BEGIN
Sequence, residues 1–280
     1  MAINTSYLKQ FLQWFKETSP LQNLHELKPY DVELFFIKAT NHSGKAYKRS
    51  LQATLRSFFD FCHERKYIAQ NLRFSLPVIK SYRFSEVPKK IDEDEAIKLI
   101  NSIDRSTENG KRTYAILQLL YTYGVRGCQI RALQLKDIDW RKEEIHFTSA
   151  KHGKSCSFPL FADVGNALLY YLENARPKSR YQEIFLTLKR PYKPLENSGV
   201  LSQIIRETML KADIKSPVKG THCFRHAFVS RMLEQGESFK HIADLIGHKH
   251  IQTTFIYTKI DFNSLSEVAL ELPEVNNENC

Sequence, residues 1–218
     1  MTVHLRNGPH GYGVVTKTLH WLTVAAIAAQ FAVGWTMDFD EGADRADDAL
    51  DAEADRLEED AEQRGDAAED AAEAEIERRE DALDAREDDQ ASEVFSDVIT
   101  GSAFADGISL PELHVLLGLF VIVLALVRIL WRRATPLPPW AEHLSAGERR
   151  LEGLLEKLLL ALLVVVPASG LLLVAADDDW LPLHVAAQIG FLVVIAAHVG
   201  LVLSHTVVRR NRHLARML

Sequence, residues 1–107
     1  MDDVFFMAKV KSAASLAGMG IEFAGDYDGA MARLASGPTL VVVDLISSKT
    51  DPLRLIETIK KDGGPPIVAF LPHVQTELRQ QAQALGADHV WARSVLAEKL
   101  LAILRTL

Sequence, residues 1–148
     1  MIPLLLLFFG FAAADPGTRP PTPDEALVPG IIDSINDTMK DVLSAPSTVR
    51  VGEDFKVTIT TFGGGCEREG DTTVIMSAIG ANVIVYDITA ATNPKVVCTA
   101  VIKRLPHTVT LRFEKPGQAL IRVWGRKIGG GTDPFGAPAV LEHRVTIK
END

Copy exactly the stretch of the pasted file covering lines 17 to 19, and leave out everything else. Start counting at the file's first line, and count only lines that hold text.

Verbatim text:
   101  LAILRTL

Sequence, residues 1–148
     1  MIPLLLLFFG FAAADPGTRP PTPDEALVPG IIDSINDTMK DVLSAPSTVR